KTC-NDP Elexn42, Volunteer Appreciation – Speech

Let me begin by saying Thanks to all of you, to those who have traveled to join us tonight and to those volunteers who were unable to make it tonight.

We all made this journey for a reason. It was an honour, a humbling and inspiring experience to be your candidate, but in my heart I know we came together because you believe in what this country can be.

You believe in hope, you believe that we can be one people, that we can do better. That’s the journey we’ve been on, and are on together.

Tonight we break bread together, share laughter and stories, friendships, and we’re going to have some fun too!



The 2015 federal ballot was a very high stakes election. Stephen Harper’s Conservatives engaged in cynical politics, wedge politics, and made it the most mean-spirited and racist election campaign in memory. Voter turnout confirmed that Canadians wanted change. According to Ekos research, almost 1/3 of voters decided which party to support only in the final week – a third of them only on Election Day. Overwhelmingly, Trudeau’s Liberals emerged as the safest and traditional route to achieving Harper’s defeat.

Locally, we did so much right, yet we fell short of votes. We ran a strong and positive campaign, it was the envy of many a campaign, a “model campaign”. I received a call from Tom Mulcair commending us for our campaign and commitment to work for a better Canada.  I conveyed how inspired and honoured I was by the dedication and passion of hundreds of volunteers that worked on the campaign.

We demonstrated the most inclusive campaign and strength of diversity ever seen in this region. The campaign staff coordinated a campaign that was well-run: we knocked on at over 22,000 doors (5,872 on one day alone) through two seasons (in heat, wind and rain), had to order signs three times, phoned tens of thousands, fundraised impressively, cleaned and cooked to keep the office running, and we shared a passion for change that matters. We hosted a fantastic rally with Tom Mulcair that few of us will ever forget. We engaged so many people on a personal level, from the heart and soul. Its hard to imagine that we could have done anything more. We did get rid of Harper and I believe Tom Mulcair and the NDP did the heavy lifting nationally to make that happen.

We were well positioned to win in Kamloops-Thompson-Cariboo had it not been for the Trudeau “wave”. Our message of hope, optimism, generosity and caring does not fade away. I am touched by your commitment and wish deeply that we could have rewarded your very hard work, passion, and endless drive for victory into more votes. We will analyze the national and local campaign and build on your good work to further strengthen us for next time. I urge first time volunteers to join us and remain actively involved in working for a common vision of a fairer and better future. I saw the tremendous potential of new leaders and great campaigners emerging through the experience of this election.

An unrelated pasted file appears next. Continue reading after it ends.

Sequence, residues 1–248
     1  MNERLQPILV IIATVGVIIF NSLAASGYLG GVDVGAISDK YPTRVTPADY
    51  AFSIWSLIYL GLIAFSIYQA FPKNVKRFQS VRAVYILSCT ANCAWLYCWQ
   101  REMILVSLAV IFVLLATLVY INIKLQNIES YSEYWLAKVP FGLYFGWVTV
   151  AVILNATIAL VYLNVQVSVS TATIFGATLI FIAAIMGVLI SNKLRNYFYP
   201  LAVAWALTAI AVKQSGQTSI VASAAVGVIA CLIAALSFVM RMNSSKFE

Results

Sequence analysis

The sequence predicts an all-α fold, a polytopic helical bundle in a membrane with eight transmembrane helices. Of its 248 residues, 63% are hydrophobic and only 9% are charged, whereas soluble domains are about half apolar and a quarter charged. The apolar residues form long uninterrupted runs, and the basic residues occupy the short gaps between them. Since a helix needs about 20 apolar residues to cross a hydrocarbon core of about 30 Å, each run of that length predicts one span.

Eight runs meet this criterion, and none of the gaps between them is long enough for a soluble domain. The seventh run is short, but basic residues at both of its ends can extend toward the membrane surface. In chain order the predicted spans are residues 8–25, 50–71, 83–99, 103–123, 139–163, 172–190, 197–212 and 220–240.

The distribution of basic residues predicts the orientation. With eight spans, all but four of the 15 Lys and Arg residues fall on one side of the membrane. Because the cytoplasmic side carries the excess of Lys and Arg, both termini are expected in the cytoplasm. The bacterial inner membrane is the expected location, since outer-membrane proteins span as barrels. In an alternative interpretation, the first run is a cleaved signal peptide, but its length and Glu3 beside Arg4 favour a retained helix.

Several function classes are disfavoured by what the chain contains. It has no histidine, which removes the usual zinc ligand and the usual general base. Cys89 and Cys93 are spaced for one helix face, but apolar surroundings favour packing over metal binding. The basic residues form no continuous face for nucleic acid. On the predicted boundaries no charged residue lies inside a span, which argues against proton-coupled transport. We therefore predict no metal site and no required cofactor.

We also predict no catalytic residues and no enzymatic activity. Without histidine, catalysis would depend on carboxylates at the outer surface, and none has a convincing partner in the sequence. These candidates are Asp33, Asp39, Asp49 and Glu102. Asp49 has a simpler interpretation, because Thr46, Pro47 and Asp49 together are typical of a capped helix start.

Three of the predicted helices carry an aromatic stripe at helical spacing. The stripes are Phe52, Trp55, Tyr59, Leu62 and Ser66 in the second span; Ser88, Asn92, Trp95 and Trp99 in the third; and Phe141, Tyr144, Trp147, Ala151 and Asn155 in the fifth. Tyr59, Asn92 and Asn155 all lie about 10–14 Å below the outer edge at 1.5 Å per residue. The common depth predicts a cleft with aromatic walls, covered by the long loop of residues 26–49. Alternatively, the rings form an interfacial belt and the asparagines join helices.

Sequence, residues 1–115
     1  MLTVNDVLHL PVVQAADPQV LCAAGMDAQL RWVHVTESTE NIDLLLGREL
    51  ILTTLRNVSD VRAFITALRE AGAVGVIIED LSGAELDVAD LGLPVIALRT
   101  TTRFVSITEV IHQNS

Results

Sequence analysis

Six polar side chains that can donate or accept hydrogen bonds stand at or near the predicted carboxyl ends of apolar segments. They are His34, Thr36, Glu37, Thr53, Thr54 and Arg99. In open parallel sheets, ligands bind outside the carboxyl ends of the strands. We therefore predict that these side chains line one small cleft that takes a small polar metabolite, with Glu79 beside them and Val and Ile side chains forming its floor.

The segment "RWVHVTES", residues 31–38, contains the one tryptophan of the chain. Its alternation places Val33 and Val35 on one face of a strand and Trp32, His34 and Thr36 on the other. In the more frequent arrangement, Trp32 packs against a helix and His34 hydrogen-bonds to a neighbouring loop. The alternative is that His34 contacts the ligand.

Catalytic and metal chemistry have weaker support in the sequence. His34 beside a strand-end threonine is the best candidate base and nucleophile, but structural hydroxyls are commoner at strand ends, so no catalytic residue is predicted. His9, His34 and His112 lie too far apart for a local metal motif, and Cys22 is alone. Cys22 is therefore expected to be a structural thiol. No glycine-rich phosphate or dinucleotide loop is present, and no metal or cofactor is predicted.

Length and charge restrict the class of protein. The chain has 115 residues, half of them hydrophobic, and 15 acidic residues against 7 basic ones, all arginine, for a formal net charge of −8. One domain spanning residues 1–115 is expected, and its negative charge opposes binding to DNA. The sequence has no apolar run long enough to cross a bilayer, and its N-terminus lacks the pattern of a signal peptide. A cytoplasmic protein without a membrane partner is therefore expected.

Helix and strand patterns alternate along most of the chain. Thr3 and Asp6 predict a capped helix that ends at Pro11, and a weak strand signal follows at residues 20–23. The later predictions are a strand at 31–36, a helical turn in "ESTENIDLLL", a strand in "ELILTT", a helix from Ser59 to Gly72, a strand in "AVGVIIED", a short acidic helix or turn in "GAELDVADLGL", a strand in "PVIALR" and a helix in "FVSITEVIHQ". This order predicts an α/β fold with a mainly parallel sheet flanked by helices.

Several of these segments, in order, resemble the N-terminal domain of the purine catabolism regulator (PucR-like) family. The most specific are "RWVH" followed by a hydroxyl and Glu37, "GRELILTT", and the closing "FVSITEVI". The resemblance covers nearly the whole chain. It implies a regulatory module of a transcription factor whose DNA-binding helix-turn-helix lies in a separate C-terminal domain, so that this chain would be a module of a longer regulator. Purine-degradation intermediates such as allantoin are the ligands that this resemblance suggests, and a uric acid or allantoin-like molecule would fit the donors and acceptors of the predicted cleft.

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This campaign was the vehicle of your hopes, and your dreams…about reclaiming the meaning of citizenship, restoring our sense of common purpose.

We want to win that next battle – for better schools, and better jobs, and better health care…to confront a growing inequality, to address an overheating planet, for a democracy fed by justice and opportunity…of how we see ourselves as citizens, how minorities are treated, how we think of immigrants and refugees, how we look after each other, how we imagine ourselves as a people…a society structured so that people can make life better for one another.

The country feels liberated. The new government is committed to change. We must work with it to make things better – for change – and to hold it to account for its many promises and contradictions.

As we reflect on our journey, I am reminded of a quote I heard recently: ‘One day when the time comes, God will ask to see your wounds. If you don’t have any, he will ask you “was there nothing worth fighting for?”

There are those among us who bear many wounds. There will still be days of struggle and heartache. But, the rains will come and the winds will still blow. We have the gift of hope, to leave our children – all our children – and grandchildren – a better world. Even, if its difficult.  Especially, if its difficult. That’s our hope, for our country in the years ahead.

Thank you. It’s my honour to be with you tonight.






About Bill Sundhu

Canadian lawyer, Former Judge, Member of Kellogg College of University of Oxford (Masters Degree in International Human Rights Law 2010).
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